Family mourns Afghanistan marine

Marine Richard Hollington
Image caption Marine Richard Hollington had been deployed to Sangin in April

The family of the marine who was the 300th member of the UK forces to die after being wounded in a blast in Afghanistan have paid tribute to him.

Marine Richard Hollington, 23, of Petersfield, in Hampshire, who served in 40 Commando, "lived as a lion", his family said.

He died in hospital on Sunday after being injured in Helmand on 12 June.

Another marine died in a blast in Helmand on Monday night, taking the death toll up to 301.

'Proud of him'

Marine Hollington died from his wounds in the Queen Elizabeth Hospital in Birmingham on Sunday morning, with his parents and two brothers by his side.

In a statement, his family said he would leave "a huge numbing hole in the lives of his family, friends and Royal Marine colleagues".

They said: "The saying goes, 'It is better to live one day as a lion than your whole life as a worm'.

"He chose to live his days as a lion and to us, and we believe his friends, he was the biggest, if softest, lion in the pride - how proud of him we all are.

"It was typical of Richard, and a crumb of comfort to us, that even in death he donated his organs to help others in accordance with his wishes."

Marine Hollington leaves behind his parents and younger brothers Nick and Charlie.

'Extraordinary courage'

He deployed to the Sangin district of Helmand province, southern Afghanistan, in April.

As a member of Bravo Company, he had been conducting joint operations with the Afghan National Security Forces.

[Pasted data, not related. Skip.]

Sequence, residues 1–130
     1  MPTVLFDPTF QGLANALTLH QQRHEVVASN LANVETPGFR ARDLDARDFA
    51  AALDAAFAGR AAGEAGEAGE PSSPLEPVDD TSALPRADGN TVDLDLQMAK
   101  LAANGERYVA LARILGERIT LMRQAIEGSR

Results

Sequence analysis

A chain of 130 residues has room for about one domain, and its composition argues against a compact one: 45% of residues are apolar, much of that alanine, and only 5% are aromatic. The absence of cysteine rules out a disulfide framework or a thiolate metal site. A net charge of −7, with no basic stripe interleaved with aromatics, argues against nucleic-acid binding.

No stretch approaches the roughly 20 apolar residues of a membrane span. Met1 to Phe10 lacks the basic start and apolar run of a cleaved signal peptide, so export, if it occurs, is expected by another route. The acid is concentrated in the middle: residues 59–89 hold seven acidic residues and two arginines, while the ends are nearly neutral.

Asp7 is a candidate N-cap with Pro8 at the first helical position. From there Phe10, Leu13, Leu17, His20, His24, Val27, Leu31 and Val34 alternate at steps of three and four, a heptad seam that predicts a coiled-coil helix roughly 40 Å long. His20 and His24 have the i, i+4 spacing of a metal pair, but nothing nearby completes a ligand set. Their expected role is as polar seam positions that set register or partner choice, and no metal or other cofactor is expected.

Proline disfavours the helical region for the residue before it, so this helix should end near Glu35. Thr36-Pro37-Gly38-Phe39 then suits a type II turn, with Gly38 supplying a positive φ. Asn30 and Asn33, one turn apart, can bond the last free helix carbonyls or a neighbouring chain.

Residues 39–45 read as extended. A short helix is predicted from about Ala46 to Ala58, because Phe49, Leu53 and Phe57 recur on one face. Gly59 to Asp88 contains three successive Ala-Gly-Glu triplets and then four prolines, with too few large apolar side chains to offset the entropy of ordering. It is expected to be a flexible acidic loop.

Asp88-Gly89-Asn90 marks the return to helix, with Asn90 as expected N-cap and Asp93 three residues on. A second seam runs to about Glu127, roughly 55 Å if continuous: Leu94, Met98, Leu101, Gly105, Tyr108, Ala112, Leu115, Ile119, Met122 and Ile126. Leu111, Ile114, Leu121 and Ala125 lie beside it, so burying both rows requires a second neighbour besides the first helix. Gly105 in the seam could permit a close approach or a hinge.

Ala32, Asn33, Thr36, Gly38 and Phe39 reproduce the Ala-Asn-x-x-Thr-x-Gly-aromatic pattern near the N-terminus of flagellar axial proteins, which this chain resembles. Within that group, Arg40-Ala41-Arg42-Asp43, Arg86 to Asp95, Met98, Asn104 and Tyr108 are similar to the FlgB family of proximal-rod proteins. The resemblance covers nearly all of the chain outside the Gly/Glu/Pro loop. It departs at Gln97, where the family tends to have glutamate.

Lt Col Paul James, commanding officer 40 Commando Group, Combined Force Sangin, said Marine Hollington was "one of my finest".

He said: "It takes extraordinary courage to be at the front of every patrol but Marine Hollington did so with the professional pride that gave confidence to others.

"He was a strong and resilient man with an immense personality."

'Pure gold'

Maj Mark Totten said he "brimmed with character and potential" and had an "irrepressible sense of fun and lust for life".

Referring to him as "Dickie", Maj Totten said: "Men like Dickie are pure gold in a patrol base here in Afghanistan."

And he said the marine's "infectious" optimism was shown by his "100% certainty in recent days that England would win the World Cup".

The vicar of the village where Marine Hollington lived said the community would support his family.

Rev John Owen, of Stroud Church, said he had seen the marine's mother, Jenny, before she went to see her son in hospital.

Mr Owen said: "They are a well-respected family in the community. It's obviously a very tragic time and the whole community feels for them, particularly as many are service families in the area.

"The whole community is giving support."

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